Private funding will prove vital, as construction projects are feeling the squeeze of the supply-chain crisis, with Johnston reporting 20% to 30% increases in the cost of materials and labor. Still, silver linings remain.

    Huge increase in usage

    “During the pandemic, so many people turned to parks, trails, and outdoor spaces as a place of refuge for mental and physical health,” Johnston said. “Trail use increased dramatically. We documented 14 million miles traveled on the trail system in 2019; in 2020, we documented 22.7 million miles.”

    2022 will mark the sixth year of Tri-State Trails monitoring trail usage across the region. Using data as a membership perk, the organization plans to launch a membership model to help keep expansion going.

    Beyond donating to the CROWN, local businesses are embracing it, launching new ventures to capitalize on increased foot (and bike) traffic. In 2021, Busken Bakery launched a walk-up window near Edwards and Madison as a convenient way to grab a coffee or donut while traveling the Wasson Way Trail. Listermann Brewing Co. opened the Listermann Trail House at the western point of Wasson Way’s current trail, where walkers, bikers and joggers can drop in for pizza and beer.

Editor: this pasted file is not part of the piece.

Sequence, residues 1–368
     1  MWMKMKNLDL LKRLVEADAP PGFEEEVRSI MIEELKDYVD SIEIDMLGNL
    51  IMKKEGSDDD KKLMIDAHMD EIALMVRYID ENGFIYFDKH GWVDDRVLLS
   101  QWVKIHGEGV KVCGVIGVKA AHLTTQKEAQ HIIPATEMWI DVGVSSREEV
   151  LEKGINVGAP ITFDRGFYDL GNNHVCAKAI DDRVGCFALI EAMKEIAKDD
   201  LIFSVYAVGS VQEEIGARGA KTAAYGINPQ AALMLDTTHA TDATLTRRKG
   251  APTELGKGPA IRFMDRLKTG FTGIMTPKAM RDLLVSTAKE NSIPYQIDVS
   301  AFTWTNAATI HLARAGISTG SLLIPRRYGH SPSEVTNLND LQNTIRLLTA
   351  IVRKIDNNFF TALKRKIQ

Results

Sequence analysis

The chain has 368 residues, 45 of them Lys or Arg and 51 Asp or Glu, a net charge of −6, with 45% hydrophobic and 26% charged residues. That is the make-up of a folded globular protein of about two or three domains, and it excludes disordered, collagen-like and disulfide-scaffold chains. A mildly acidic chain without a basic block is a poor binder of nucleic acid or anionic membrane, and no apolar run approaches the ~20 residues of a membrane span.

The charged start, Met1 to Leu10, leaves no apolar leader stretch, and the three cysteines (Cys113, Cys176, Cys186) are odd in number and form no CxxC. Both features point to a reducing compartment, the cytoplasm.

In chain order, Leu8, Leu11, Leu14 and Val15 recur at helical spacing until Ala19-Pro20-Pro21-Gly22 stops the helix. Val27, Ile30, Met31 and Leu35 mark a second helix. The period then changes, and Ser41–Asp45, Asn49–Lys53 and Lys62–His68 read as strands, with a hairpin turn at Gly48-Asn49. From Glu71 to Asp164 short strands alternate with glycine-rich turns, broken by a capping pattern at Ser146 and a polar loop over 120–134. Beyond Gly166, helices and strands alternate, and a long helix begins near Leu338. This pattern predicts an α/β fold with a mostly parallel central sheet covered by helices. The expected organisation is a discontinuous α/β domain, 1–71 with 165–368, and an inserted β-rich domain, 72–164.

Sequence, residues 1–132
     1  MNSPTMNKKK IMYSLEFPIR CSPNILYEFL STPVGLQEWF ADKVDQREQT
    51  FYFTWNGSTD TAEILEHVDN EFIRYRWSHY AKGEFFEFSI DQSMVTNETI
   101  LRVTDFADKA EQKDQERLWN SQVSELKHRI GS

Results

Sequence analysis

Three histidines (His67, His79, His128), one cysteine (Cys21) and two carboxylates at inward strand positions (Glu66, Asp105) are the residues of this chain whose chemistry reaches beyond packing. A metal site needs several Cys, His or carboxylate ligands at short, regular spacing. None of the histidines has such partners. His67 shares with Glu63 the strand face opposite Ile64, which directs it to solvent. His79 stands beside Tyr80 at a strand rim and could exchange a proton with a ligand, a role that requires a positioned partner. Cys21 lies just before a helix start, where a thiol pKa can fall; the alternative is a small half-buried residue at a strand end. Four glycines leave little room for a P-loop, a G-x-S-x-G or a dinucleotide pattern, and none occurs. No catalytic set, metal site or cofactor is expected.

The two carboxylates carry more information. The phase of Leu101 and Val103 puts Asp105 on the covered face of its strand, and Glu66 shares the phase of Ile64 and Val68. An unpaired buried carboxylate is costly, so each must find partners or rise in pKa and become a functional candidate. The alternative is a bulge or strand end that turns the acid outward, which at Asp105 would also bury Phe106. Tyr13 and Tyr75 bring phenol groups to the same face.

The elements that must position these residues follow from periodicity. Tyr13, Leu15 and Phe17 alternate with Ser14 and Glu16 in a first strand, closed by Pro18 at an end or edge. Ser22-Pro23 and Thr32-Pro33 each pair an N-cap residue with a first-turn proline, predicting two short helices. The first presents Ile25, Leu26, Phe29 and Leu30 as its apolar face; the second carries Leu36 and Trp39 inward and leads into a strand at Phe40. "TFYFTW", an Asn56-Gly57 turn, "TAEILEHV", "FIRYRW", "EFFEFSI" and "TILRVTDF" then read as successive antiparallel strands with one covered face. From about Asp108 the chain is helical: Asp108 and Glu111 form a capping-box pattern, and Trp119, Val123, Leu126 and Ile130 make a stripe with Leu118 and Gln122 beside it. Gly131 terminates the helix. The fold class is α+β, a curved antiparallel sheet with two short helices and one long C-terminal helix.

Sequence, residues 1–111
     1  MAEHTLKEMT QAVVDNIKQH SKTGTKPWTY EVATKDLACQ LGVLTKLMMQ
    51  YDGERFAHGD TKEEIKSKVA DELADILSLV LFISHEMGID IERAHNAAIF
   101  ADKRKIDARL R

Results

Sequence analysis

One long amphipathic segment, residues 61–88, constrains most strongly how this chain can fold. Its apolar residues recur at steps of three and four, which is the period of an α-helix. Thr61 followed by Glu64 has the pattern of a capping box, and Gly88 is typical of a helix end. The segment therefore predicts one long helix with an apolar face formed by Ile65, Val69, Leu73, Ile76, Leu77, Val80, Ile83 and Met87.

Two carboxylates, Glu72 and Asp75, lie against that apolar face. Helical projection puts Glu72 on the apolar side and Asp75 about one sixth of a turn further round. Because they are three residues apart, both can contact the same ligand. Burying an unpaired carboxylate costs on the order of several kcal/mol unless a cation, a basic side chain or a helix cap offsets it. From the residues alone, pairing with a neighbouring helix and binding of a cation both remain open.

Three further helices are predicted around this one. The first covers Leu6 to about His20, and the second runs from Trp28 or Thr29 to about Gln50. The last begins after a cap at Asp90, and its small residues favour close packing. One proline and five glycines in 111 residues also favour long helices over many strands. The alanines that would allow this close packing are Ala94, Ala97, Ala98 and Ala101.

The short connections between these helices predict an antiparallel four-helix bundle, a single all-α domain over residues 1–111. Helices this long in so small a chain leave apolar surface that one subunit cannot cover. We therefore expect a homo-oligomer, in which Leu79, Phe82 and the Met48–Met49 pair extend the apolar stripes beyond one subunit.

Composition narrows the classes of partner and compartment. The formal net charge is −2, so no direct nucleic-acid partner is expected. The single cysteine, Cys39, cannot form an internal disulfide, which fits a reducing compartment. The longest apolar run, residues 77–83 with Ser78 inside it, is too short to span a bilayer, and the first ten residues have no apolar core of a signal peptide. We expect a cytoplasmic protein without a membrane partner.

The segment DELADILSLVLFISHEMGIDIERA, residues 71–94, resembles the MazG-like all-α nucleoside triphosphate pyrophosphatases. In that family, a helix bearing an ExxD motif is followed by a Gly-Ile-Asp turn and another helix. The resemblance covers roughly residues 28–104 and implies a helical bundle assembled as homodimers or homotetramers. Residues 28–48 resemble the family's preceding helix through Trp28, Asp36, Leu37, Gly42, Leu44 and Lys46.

More to come

    In terms of additional trailside amenities, Johnston encourages patience.

    “We are laser focused on the asphalt for now,” he said, “but are looking forward to enhancing the trail with public art, landscaping and lighting. We will do that by building support for more public funding.”

    The CROWN team is currently designing signage and wayfinding systems for the whole network that will link up all the trails, and are considering the Roebling Bridge as a potential spot to officially “launch” the trail.

    Wasson WayWasson Way

    While Cincinnatians have largely shown support for the CROWN, some questions have been raised about safety on the trail. Johnston is well-aware of the concerns.